The initial audit of the business is important from the ESG perspective but it doesn’t stop at just reporting because if the initial audit is all it takes to establish green claims and then allow businesses to carry on, it would have been a waste of opportunity. Corporate leaders need to recognise that subjecting themselves to these audits and scrutiny should not earn them any kudos. So they should not be patting themselves on the back if those reporting metric turns out stellar. Rather, they should be thinking about what approach they have taken to their businesses that enabled that.
And then they should be considering if there are blindspots or areas of their businesses where the right philosophy hasn’t been applied. The hypocrisy can often stem from the fact that executives are too busy gaming the reporting metrics as opposed to genuinely thinking through business processes and activities. That can still be unintentional but they can start making sure that their activities to gear the company towards green can be more intentional.
The beauty of the market system emerges when there’s competition along the right dimensions just when we all need them. But competition doesn’t always require a market economy – there’s always limited resources, time and other constraints that requires us to somehow compete. There’s also reputation, attention of people and recognition that drives us to compete. In the 20th century, the space race during the cold war led to phenomenal technical and technological advances which powered the growth over the 21st century.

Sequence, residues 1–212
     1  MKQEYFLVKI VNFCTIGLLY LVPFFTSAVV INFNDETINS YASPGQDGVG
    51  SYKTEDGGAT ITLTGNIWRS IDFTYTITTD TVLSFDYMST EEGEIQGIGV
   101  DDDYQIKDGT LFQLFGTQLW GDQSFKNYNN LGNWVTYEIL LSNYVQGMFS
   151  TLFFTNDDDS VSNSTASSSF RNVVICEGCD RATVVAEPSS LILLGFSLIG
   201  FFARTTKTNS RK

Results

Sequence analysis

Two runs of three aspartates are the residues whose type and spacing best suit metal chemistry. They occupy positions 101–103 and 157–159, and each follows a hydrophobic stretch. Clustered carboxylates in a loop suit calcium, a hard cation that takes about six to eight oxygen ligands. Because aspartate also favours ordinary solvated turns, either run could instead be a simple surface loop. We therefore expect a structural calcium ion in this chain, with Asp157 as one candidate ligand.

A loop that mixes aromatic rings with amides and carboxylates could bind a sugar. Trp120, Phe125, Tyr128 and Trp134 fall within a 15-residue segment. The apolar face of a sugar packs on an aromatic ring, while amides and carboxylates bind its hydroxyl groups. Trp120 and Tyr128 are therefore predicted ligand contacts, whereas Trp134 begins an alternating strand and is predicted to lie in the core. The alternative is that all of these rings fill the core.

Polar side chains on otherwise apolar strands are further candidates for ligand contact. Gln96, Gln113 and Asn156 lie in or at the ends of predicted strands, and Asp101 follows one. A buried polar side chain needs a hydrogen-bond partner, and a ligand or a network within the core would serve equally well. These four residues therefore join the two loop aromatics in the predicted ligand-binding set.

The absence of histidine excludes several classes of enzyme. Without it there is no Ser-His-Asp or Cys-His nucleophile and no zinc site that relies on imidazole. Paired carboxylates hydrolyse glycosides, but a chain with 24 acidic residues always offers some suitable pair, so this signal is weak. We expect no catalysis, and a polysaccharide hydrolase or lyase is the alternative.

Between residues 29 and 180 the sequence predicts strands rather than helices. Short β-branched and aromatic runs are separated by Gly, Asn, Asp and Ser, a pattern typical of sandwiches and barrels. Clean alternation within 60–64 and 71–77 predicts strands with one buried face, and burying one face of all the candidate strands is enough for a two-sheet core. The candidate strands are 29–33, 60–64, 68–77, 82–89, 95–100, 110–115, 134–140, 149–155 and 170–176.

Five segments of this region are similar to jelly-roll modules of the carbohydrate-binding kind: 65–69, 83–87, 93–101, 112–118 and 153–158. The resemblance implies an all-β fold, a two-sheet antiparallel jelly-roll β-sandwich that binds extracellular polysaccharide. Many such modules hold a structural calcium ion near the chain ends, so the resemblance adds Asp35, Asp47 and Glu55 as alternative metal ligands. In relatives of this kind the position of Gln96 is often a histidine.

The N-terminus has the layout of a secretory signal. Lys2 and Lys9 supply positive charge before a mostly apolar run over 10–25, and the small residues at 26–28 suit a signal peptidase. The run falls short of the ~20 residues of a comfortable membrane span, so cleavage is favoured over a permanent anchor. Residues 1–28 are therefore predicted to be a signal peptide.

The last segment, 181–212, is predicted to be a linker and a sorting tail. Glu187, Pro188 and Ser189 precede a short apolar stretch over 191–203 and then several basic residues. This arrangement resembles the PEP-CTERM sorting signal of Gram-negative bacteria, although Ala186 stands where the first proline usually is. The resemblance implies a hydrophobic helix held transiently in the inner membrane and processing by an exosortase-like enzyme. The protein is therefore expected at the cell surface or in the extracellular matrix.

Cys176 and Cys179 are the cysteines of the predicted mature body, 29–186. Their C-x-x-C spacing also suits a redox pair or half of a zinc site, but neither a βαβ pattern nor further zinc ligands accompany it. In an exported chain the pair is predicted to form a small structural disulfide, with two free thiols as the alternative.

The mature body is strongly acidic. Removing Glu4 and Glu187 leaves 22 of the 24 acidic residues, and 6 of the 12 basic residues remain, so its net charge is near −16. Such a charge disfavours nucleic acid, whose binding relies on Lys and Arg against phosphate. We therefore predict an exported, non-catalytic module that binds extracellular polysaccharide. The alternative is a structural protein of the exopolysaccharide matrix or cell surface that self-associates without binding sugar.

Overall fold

There was an alignment of political, and public interest. The economic interest was not entirely foreseen and only realised much later. But it seemed that entire economies of Europe, US and Soviet Union were engaged in this mission. It seemed like a conflict and perhaps competition of egos but eventually worked for the good of mankind.
As an energy transition consultant, I welcome this. As much as we might think the competition can result in duplicative efforts and inefficiency, it is what we need to align the incentives in the market with the interest of the overall society. Moreover, harnessing the public interest and pressure upon this topic through directing the workforce and human capital towards the low-carbon economy is much needed. The green race should hopefully create the necessary ecosystem we need to drive further changes and ensure the climate transition.